An interesting development in the Tamil Left, says Skanthakumar, is the alliance between a former Maoist group (most of whose members are in the diaspora) with the growing Frontline Socialist (Peratugami Samajawadi Party).
“They are active on Facebook in solidarity actions with the FSP (e.g. Kumar Gunaratnam campaign). Unfortunately, there is no indication that the FSP is developing a more concrete appreciation of the Tamil national question in return. The FSP is still abstract and propagandistic and wary of being labelled as pro-separatist by the JVP,” he says.
“I don’t see any signs of interest in the Left among Tamil youth (in general). Why should they be, anymore than Sinhala and Muslim youth? The parochialism of Tamil politics in general, its inability to solidarise with progressive social struggles in the South, its monolingual exile from the world around it, don’t offer any prospect for Tamil youth to even be inspired and learn from secular and progressive movements among Kashmiris, Palestinians, and Kurds. The weakness of the Left (CPI, CPM, CP-ML in Tamil Nadu and its caving into Tamil nationalism (including LTTE and Tamil separatism), makes it indistinguishable from the Dravidian parties,” he adds.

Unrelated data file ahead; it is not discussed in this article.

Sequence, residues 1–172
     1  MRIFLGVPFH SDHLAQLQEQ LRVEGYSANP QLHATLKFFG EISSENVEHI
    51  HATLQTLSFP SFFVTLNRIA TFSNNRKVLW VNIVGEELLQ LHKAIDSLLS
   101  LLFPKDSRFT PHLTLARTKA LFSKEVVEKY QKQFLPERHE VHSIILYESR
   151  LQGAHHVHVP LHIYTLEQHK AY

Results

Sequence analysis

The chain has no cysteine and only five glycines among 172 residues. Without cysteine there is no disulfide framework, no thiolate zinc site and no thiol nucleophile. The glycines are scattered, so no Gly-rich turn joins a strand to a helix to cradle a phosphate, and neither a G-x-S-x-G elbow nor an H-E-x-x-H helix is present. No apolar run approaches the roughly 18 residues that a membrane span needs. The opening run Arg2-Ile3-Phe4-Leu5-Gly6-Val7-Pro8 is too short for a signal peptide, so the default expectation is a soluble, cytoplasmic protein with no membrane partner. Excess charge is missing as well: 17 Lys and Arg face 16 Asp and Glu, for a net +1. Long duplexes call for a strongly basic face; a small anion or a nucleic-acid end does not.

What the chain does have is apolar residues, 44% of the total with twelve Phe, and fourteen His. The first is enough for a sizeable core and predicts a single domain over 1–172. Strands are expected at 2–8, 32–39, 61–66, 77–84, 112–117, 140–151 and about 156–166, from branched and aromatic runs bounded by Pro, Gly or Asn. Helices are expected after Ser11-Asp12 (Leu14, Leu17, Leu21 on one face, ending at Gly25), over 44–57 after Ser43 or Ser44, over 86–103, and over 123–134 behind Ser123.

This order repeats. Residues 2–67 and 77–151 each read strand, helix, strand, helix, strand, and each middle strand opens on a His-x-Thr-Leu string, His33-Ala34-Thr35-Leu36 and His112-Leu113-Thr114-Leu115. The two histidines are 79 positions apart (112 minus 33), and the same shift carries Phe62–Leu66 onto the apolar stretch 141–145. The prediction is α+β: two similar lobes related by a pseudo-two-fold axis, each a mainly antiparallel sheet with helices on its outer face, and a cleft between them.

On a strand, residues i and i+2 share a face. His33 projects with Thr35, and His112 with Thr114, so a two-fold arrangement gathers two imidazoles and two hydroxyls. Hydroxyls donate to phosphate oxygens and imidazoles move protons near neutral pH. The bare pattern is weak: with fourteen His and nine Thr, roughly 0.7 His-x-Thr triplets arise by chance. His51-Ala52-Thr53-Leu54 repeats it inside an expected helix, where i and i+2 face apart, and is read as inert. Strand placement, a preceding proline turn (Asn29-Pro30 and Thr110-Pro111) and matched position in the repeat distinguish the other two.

It bears repeating that the Sri Lankan Left is breathing its last. Its old proponents have either abandoned their cause or are themselves too frail both physically and politically to make any real difference. The modern incarnation of the Left – be it the JVP, the FSP or remnants of the Nawa Sama Samaja Party – are still marginal and the voting public, it seems, are content with having them on the sidelines, particularly in the case of the JVP, giving them just enough power and presence to keep the sitting government in check. In this context, is there any hope left for the Left?